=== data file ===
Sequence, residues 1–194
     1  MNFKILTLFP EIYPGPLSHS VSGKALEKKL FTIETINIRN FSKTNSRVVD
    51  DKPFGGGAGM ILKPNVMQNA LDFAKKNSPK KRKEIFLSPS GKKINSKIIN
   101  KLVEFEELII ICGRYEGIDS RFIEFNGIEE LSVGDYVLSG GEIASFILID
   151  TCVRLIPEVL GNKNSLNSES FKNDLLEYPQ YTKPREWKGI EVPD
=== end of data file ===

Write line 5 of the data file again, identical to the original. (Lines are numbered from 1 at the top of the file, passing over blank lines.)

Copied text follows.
   151  TCVRLIPEVL GNKNSLNSES FKNDLLEYPQ YTKPREWKGI EVPD